The first lomo camera was developed by the Soviets in the 80s. After examining a robust and compact Japanese 35mm camera a director from a Arms/Optical factory decided to harness the technology and develop a Russian version for the public. The company - LOMO-PLC or Leningrad Optical Mechanical Amalgamation thus created the Lomo LC-A which had a fixed lens and took 35mm film.
A handful of Austrian students took a shine to the camera a decade later and popularized it due to its unique quality and refreshing style. It produced stylized dreamy imagery with vibrant and colour cast results that were often blurred. This charming and arty effect kept the camera's in circulation and soon Lomo societies were created to keep the word alive and celebrate the medium.
In the early 2000s Lomo shops first started making an appearance and by the end of the decade there is a huge online store with a range or different lomographic cameras. Now, years later there are even iphone apps that try and reproduce Lomo effect.
Okay so its a bit arty and a bit of a gimmick you say. Well in many respects your right it has a time and a place.
The particular model I bought isn't a still camera, it's a 35mm movie maker. It's part of Lomography's new available range which takes the style of the original and re-imagines it for moving image. It's essentially a small black box rather like some of the old Kodak brownie no.2 still cameras sold in the 1950s.
the Lomokino as it's called takes regular 35mm film roll which loads onto a film spool in the camera. It's black with a crank on the right hand side which operate the shutter and winds the film onward. It shoots at about 5 frames per second, so about 8 pictures per segment of film and 144 frames per 36 roll.
The camera settings aren't very dynamic but I say limitations allow for you to be creative yourself.
The shutter is 1/100 of a second so this will create a burred/movement effect if your quickly panned or in motion. There are 3 aperture settings- f/5.6, f/8 and f/11 for narrower depth of field. There obviously isn't a focusing ring because there isn't really a lens. It's more of a 25mm capture hole. So with focusing you simply push a button on the front of the camera which focus you up to 0.6m for close-ups.
Other features include a fold out viewfinder on top next to a hot shoe mount so you may attach a flash if needed. You have a volume indication meter on the left hand side so if you stop mid way through shooting you know roughly how many frames you have left to shoot. It isn't an exact representation rather just when the bar fills up with red you've pretty much run out of frames. The camera also comes with a standard 1/4 inch thread for use with a tripod.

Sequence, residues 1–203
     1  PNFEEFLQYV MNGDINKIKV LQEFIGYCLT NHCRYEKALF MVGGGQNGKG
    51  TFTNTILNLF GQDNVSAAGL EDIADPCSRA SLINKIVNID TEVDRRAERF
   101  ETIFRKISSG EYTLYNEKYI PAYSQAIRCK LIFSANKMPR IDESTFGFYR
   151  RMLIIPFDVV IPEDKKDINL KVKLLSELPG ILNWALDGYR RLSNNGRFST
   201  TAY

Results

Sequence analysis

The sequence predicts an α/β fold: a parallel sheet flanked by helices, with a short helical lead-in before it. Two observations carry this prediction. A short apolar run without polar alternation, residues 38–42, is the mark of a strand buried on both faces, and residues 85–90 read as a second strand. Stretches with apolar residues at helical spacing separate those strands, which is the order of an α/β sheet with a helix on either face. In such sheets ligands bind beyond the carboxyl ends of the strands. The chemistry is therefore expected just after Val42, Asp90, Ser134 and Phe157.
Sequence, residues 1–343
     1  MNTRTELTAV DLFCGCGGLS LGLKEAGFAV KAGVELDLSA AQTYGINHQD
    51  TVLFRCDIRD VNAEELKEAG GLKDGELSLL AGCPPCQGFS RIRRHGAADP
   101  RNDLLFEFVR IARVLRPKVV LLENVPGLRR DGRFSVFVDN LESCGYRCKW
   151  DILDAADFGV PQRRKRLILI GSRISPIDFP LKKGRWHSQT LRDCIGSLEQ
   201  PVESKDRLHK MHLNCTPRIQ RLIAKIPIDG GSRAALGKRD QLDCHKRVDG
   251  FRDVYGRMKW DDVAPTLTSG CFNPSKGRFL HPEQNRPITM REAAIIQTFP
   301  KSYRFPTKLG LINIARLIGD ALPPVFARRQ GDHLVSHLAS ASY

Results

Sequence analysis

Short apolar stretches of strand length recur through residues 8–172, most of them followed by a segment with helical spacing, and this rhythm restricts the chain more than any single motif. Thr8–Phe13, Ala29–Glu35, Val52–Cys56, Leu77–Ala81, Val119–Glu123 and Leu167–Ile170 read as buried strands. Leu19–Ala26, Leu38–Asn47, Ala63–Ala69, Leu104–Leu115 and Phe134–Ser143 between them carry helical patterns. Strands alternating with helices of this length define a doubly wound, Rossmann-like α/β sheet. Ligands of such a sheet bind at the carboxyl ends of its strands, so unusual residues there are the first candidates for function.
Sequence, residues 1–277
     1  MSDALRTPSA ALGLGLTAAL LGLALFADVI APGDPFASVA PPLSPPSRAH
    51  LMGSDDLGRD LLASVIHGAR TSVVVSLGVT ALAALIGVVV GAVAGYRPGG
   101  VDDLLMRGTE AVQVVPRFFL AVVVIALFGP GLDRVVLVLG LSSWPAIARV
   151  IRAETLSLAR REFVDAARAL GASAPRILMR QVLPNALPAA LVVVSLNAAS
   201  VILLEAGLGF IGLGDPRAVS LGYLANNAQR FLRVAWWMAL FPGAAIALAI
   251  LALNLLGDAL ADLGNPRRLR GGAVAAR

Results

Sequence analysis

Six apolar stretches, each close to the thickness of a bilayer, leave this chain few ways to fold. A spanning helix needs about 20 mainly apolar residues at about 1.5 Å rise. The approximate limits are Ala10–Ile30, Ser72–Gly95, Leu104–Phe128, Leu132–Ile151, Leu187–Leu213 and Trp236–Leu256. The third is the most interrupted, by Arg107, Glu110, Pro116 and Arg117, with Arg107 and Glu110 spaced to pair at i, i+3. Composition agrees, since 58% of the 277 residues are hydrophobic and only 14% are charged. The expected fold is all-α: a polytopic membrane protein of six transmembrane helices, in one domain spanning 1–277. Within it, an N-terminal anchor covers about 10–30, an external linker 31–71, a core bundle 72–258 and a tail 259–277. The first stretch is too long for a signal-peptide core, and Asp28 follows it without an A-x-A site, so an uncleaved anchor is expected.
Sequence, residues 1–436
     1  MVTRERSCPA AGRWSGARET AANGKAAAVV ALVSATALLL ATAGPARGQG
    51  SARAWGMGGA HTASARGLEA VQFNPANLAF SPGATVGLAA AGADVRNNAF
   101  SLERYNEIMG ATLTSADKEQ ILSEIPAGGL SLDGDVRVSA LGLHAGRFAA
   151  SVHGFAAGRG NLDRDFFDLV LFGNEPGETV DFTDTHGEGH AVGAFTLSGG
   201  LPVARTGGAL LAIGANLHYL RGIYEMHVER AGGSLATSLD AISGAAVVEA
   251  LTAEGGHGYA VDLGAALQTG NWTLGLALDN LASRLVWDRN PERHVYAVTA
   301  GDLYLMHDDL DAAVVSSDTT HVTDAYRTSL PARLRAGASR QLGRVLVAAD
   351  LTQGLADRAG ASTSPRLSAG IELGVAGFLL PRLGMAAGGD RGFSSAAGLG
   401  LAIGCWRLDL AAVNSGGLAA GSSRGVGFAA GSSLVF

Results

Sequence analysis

Not everyone can get to a flat bed scanner, scan their film in and editing it together so they have provided a useful solution to this in the shape of the kinoscope. It looks like a mini SLR but the lens is actually a rubber eyecup so you may view your negative film in motion. You simply load your film into the back of the device and use the crank on the top to advance your mini-movie. I find this useful as I don't own a 35mm scanner plate or anything like that and I don't always want the hassle of going through that whole process each time I produce a roll of film.
-*Inside the box*-
The camera arrives packed away in the sturdy hard cardboard box nicely decorated with camera and Kinoscope both fully assembled and ready for use. Also inside the box are a mini flip-book and a booklet explaining the history and popularity of the Lomograph. The Flipbook consist of 380 pages. On all the right hand pages are image sequences and on the left instructions and specifications. on the last page there is a fold out diagram listing the part names of the camera. Adding the Kinoscope to your order will include the price by about 25 pound but it's definitely useful and you save money buying it in a bundle. I like the overall presentation of the box and the build quality. It stores the camera nicely and isn't the regular type of packaging that you want to store or chuck out.
Out of the box its a few short steps in order to use. First you load the film in the back. Wind the film on to the first frame and rotate the crank in order to work the shutter. It's boxy and isn't very ergonomic in it's bulky form. It can either gripped be on the left hand side or sat in the palm of your hand while cranking. It doesn't really have any significant weight to it so isn't cumbersome just square and awkward. you will shoot in-between 3-5 frame per second while using the crank. Top speed producing 5fps. This should produce 30-50 second segment of your 36 exp roll of film. You will need to be using film with an ISO of 100 on a small aperture if your out of a bright sunny day and a film with a ISO speed of 1600 indoors. Once your film is empty of shot and fully rewound then eject and develop.
I've order some lovely Fiji-Film Velvia to shoot with so I'm looking forward to those results. It nice to play around with this camera. In my case I'm looking for something specific for a film I'm making so it is a worthwhile testing period. I'm very happy with the camera. I like the images and I hope to get much enjoyment from using it.